I will not touch on meritocracy on the admission of university students tonight, but raise the question as to whether there is meritocracy in the university academic appointments which has such a direct bearing on whether Malaysia can achieve its national aspiration to become an international centre of academic excellence.
Has there been a single Malaysian Indian who had been appointed a Vice Chancellor in any one of the eleven public universities in the country all these decades or is it because in all these years there had never been a single Malaysian Indian qualified to be appointed university Vice Chancellor? This question is equally valid with regard to non-Malay Malaysians generally.
For that matter, why shouldn't the highest appointments, whether the Chief Secretary, Inspector-General of Police, Chief of Armed Forces be open to all Malaysians, regardless of race, without any glass ceiling whether visible or invisible on ethnic grounds?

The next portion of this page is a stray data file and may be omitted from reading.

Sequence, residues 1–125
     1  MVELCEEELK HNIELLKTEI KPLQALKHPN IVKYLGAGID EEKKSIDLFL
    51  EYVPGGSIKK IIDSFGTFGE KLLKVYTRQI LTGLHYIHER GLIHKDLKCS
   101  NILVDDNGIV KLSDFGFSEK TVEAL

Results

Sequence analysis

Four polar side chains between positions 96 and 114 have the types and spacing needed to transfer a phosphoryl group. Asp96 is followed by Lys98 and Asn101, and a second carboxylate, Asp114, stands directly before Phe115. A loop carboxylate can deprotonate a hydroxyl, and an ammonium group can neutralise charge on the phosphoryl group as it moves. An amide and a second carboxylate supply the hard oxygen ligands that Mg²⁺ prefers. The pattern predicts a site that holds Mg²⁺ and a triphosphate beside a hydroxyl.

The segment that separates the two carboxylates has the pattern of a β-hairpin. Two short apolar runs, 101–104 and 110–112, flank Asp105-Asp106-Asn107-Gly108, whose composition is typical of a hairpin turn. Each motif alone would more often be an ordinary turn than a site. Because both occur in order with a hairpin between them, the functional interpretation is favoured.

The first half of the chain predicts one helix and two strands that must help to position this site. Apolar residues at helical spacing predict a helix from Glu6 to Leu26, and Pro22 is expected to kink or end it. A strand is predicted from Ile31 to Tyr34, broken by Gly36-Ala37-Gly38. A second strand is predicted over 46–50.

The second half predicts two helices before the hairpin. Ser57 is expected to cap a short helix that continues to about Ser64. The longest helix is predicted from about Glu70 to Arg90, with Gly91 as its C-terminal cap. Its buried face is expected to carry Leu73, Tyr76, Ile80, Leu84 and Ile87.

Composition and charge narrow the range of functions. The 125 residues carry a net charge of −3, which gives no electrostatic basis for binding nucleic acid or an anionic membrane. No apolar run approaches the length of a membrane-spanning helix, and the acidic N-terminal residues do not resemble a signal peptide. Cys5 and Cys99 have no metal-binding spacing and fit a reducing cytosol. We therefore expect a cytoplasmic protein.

This should also apply to judicial appointments, whether for the High Court, Court of Appeal or Federal Court, as the most important critera should be meritocracy and integrity.
There has been an unwritten convention that the three tiers of the judiciary should reflect the ethnic composition of the country resulting in an unwritten ethnic quota for judicial appointments. If the government and nation is serious about Vision 2020 and a Bangsa Malaysia, we should move beyond such an unwritten convention so that judicial appointments are strictly on merit.
Malaysia, however, is not moving forward and in many cases, we are in retrogression. For the past four years, even the unwritten convention of an ethnic quota had not been strictly observed. A good example is the Federal Court where for the past four years, there has been no Malaysian Indian Federal Court judge.
The Prime Minister should urgently fill the four-year vacancy of a Malaysian Indian in the Federal Court and initiate moves whereby all judicial appointments in all the three tiers of the judiciary could be fully on the basis of merit without any ethnic considerations, in keeping with Vision 2020 and the concept of a Bangsa Malaysia.
Malaysians should be concerned that instead of moving in this direction, there have been recent signs that there would be more obstacles - as in the declaration that Malaysia is already an Islamic state, undermining the 44-year fundamental constitutional principle and nation-building cornerstone of Malaysia as a democratic, secular, multi-religious, tolerant and progressive nation.